Called "The Puzzle Palace" by insiders, the labyrinth of hallways and corridors that run through the building measure 17-and-a-half miles in length.
Yet despite its vast size, the Pentagon's unusual design allows for quick access to any of its five equal sides.
DALESSANDRO: This design allows someone to get from any point in the building, the furthest spot you might imagine, from corridor ten all the way around to corridor two, three or five in seven minutes or less.
NARRATOR: But for many, the Pentagon is much more than a monumental building, it is a living entity.
JOHN JESTER: It's one of the few buildings that you could say that speaks.
You see it in the newspaper quite often: "The Pentagon said" SHANE HARRIS: If there were an American Book of Secrets, I think what it would say about the Pentagon is this really is where the nation's defenses really begin.
NARRATOR: Approximately 23,000 people, both military and civilian, work at the Pentagon every day.
The building is fully operational around the clock, and includes an infrastructure of transportation, food services and retail shops enlisted to support the enormous staff.
But what is the secret to keeping the Pentagon operational 24/7? DR.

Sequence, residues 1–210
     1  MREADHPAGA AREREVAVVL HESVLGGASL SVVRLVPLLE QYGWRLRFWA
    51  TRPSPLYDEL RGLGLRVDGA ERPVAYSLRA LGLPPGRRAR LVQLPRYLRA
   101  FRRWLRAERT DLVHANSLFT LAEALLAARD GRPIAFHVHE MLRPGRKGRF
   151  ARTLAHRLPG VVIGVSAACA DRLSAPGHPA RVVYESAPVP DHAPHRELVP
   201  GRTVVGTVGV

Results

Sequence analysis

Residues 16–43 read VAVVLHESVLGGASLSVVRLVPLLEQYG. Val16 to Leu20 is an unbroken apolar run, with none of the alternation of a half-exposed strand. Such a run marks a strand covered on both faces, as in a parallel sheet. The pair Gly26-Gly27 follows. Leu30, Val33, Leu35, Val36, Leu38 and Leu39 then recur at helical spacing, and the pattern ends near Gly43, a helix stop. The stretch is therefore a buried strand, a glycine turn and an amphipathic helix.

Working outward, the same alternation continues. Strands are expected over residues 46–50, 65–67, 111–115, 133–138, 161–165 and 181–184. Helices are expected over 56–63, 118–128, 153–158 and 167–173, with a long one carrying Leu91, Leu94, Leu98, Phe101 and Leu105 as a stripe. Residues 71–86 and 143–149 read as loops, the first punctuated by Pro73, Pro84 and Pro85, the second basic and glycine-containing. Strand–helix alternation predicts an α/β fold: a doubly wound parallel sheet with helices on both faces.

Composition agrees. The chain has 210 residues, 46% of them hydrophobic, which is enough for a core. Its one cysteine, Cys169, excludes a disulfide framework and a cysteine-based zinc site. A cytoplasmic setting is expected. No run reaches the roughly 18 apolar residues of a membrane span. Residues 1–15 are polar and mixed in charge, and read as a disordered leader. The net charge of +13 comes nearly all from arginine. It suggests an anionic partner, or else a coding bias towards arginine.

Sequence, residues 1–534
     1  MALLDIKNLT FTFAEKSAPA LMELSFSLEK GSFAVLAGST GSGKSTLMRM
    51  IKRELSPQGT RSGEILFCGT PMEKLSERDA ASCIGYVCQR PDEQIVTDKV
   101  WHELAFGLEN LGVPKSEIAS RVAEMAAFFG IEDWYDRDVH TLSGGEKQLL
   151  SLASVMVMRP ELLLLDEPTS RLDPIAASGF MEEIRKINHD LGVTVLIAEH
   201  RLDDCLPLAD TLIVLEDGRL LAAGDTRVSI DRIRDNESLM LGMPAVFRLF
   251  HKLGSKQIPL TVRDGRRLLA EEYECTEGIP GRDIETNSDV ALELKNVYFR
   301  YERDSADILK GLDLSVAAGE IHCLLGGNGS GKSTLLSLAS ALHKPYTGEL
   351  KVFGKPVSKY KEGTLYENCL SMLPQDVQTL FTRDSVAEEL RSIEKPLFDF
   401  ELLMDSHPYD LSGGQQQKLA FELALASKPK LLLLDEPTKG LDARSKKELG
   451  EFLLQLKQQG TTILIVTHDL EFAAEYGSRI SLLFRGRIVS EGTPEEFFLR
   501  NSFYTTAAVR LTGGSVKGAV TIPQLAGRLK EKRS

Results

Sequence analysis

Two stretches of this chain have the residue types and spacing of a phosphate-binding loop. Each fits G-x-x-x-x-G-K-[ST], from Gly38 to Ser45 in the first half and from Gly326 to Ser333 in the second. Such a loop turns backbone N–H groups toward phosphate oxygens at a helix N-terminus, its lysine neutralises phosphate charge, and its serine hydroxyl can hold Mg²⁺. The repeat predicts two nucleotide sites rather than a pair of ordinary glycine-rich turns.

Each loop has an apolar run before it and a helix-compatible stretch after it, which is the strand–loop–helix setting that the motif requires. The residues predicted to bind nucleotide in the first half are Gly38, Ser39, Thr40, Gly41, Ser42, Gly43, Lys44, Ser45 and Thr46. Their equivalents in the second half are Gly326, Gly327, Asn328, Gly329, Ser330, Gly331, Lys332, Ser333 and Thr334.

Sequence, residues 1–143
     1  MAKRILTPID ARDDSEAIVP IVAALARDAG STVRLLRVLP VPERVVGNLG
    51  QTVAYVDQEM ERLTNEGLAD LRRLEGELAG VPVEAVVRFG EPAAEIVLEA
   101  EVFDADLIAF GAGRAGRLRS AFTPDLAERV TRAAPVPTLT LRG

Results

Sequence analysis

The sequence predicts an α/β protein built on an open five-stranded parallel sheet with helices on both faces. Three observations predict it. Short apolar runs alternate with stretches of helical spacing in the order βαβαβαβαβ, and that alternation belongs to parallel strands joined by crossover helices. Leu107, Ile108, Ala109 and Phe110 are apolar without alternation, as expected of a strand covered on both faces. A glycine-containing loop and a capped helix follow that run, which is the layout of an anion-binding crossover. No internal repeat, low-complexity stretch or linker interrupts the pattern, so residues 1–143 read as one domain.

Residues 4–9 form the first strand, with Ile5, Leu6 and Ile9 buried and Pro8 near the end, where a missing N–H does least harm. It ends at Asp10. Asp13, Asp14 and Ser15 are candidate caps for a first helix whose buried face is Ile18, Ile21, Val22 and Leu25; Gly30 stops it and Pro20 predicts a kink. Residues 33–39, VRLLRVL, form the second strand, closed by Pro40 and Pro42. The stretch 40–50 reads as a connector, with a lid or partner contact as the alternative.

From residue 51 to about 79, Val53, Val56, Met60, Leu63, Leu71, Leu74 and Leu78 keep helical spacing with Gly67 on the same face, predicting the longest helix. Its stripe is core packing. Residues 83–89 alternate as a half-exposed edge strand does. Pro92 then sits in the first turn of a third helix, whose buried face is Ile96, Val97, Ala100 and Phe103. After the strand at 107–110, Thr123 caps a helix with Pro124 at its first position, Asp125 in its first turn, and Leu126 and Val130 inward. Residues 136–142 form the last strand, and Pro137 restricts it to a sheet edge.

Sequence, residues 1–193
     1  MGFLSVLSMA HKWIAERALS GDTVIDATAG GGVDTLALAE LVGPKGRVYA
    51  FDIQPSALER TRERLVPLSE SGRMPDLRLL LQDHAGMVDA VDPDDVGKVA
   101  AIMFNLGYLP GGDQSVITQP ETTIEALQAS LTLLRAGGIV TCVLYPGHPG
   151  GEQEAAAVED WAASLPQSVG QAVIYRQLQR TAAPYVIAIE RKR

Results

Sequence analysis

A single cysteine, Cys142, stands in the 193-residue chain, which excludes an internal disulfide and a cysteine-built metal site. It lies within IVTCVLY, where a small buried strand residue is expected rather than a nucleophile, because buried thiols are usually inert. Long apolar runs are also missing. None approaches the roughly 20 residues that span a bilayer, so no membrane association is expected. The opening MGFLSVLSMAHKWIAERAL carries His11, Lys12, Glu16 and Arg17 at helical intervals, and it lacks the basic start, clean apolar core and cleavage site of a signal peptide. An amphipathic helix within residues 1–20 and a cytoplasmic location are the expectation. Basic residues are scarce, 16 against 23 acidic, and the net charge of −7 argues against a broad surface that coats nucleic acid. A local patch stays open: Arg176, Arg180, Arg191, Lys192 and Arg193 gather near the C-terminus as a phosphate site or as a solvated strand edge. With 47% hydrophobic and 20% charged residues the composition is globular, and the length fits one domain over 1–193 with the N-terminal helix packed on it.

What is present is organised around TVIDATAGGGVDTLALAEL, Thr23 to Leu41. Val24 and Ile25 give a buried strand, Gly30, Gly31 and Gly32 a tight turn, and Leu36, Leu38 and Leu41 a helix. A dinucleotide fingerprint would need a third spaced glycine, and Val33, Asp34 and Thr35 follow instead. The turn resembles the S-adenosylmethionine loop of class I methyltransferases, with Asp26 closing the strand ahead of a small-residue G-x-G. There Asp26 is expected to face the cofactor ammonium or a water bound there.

ERIN MAHAN: I think what would surprise most people-- and it certainly did me when I came to work at the Pentagon-- is that it's not just an office building.
It's really a city unto itself.
The amenities that are available, I doubt very many people realize that there's a drugstore, there's a shoe store, there's a Best Buy.
It really is a secret city.
NARRATOR: The daily operation of this unofficial city are handled by a civilian administrator appointed by the Secretary of Defense, a role insiders refer to as "the mayor.
" DUBOIS: When you have 23,000 people who come to work here every day, probably another 3,000 to 5,000 visitors every day, you are essentially managing a small city.
We have hospitals, clinics, restaurants, we have a Pentagon conference center and library, we have the Pentagon athletic center, we have police force, a firefighting unit.
This is quite a complex organism, as all cities are.
NARRATOR: For those who work at the Pentagon, the main entrance to the building is on on the southeast side.